FINE Gael councillors who defeated a motion condemning budget cuts to the elderly and the young unemployed have been warned they will lose their seats next year.
A special meeting of Limerick County Council was convened this Tuesday to debate a Fianna Fail motion calling on Minister Michael Noonan to reverse the cut in the bereavement grant and telephone allowance as well as the increase in prescription charges. It had also called on the Limerick minister to overturn the reduction in jobseekers allowance to under-26s.
It was “scandalous and outlandish”, said Cllr Liam Galvin, Fine Gael, that members of Fianna Fail could introduce such a motion. No such party-political motions had been tabled by Fine Gael after austerity budgets introduced by Fianna Fail ministers, including those which had cut the widows pension, blind pension, invalidity pension and disability benefit.
But Cllr Michael Collins, who had proposed the motion for Fianna Fail, said the people of Limerick could judge for themselves the stance of their local councillors on Budget 2014.
Fianna Fail councillors around the country had lost seats in 2009 because of people’s perception of the party’s responsibility for the crash.
“You will be going to the doorsteps soon and you will have to explain and justify these cuts. And I can guarantee you that we won’t see you all here this time next year,” Cllr Collins warned Fine Gael members.
Cllr Michael Sheahan, FG, had earlier taunted the opposite side of the chamber that having called for a special meeting of the council “at great expense to the taxpayer”, it was disappointing that Fianna Fail “could not even find a quorum of eight members to come here and argue their case”.
Cllr John Egan, who chaired the meeting, told Cllr Sheahan his point had no relevance when there was clearly a quorum at the outset of the meeting.
In opening the debate, Cllr Collins said Minister Noonan’s budget had “failed the basic test of fairness”; had “no guiding values” and had been “ massive betrayal of older people in particular with the abolition of the telephone allowance, a 66% increase in prescription charges, changes in eligibility for medical cards and massive increases in DIRT”.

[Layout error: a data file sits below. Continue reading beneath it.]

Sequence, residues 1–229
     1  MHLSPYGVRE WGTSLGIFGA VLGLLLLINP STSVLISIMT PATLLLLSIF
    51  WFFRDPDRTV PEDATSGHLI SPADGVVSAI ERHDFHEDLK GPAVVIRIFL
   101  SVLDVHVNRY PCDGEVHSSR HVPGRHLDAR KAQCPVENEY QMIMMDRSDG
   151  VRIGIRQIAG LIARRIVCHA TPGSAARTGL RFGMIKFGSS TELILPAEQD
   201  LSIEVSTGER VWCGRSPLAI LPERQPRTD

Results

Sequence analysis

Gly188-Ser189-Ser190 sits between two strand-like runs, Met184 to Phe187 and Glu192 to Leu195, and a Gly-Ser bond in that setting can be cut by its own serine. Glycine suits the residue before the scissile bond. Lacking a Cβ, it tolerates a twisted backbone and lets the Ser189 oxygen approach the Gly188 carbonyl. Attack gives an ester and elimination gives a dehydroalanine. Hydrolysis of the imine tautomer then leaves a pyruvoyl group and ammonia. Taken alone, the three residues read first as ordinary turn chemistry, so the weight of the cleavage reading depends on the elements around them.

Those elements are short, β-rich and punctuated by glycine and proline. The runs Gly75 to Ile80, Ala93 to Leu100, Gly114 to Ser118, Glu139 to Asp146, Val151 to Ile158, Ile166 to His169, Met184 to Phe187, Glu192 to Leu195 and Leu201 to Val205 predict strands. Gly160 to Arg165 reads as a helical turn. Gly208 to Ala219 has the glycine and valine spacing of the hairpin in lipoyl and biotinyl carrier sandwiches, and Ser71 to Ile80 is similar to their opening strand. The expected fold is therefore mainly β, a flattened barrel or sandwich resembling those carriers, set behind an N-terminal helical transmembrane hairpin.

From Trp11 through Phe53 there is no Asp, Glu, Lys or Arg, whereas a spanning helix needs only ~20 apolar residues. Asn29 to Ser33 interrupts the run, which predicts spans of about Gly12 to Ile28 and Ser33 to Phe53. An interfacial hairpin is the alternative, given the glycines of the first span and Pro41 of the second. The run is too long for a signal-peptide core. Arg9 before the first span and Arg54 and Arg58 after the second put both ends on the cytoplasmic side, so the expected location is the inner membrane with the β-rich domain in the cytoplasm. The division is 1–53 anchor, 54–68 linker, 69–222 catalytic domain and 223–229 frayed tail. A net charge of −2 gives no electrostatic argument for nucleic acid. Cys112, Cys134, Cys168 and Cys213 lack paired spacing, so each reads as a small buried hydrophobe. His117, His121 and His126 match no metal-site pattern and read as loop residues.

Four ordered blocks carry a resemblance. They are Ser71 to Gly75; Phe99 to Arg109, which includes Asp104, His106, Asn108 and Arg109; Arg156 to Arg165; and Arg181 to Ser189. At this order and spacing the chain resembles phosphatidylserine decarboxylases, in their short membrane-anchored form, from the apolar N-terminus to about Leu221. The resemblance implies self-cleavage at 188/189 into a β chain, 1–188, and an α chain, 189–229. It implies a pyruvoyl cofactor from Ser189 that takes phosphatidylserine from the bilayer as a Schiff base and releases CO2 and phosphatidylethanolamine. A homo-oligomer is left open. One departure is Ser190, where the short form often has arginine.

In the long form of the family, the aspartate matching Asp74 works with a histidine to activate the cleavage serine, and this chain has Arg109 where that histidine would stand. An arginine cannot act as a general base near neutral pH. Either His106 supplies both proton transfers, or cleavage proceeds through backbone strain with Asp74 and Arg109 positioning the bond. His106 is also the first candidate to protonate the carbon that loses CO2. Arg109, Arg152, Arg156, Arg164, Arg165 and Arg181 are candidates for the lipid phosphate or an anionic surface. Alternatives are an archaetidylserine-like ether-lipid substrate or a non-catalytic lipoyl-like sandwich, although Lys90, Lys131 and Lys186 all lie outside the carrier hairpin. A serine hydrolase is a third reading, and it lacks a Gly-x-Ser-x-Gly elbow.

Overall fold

In scrapping the bereavement grant of €850, the government was removing a support used by 22,000 families last year and which they had themselves funded by way of PRSI contributions.
The Newcastlewest based councillor cited the example of one young woman who had come into his office.
“She lives alone. She is under 25 but she has no Leaving Cert so she finds it hard to get a job. She has all her courses done and because of that she does not qualify for any training currently and through no fault of her own, her payment is being reduced from €160 to €100 per week,” said Cllr Collins. Once she paid rent, she had €63 per week to live on, he added.
Cllr Galvin agreed the cut in the telephone allowance was “regrettable” but it was “the economic climate foisted on this government by its errant predecessor that makes such difficult choices necessary”.
Bereaved families had received €5.2 million in exceptional needs payments for funerals and burials from the Department of Social Protection last year and that money could still be claimed even if the bereavement grant had been scrapped, he added.
“Audacious”, Cllr Galvin added, “does not even begin to describe the Fianna Fail stance on jobseekers allowance when there was a €16 per week cut in the core rate by the previous government or 8%, a whopping figure.”
Cllr Mike Houlihan, FG, said that is his four years on the council he had never “introduced even a hint of the party politics we see in this motion”, which he said was “typical of the hypocrisy from Fianna Fail since they were deservedly thrown out of government”.
But Cllr Noel Gleeson, FF, recalled council debates when the show was on the other foot and made a veiled attack on TDs Kieran O’Donnell and Patrick O’Donovan.
“I remember when Fianna Fail governments were in power and when we had the numbers in here, we were constantly barraged with political motions to win public opinion against what had been done. There were two councillors in here who are TDs now who were non-stop with these kind of motions,” said Cllr Gleeson.
“It is our turn now to point out on behalf of the people we represent the wrongs that have been done to the people in the budget,” he added.
Cllr Mary Jackman, FG, pleaded with both sides to desist from “the old-style politics and the litany of negativity”.
“We can sit here all day and talk about the profligacy of Fianna Fail and list the mortal sins of Charlie Haughey through to Bertie Ahern and that will not do anything for the people out of work,” she said.
Such motions made for “depressing” debates which “wasted the time of our officials with rehearsals of negativity”.
The motion was defeated by 11 Fine Gael members and Labour’s Cllr Tomas Hannon. Seven Fianna Fail members and independent Cllr Pat Fitzgerald supported the motion, with Fine Gael’s Cllr David Naughton abstaining.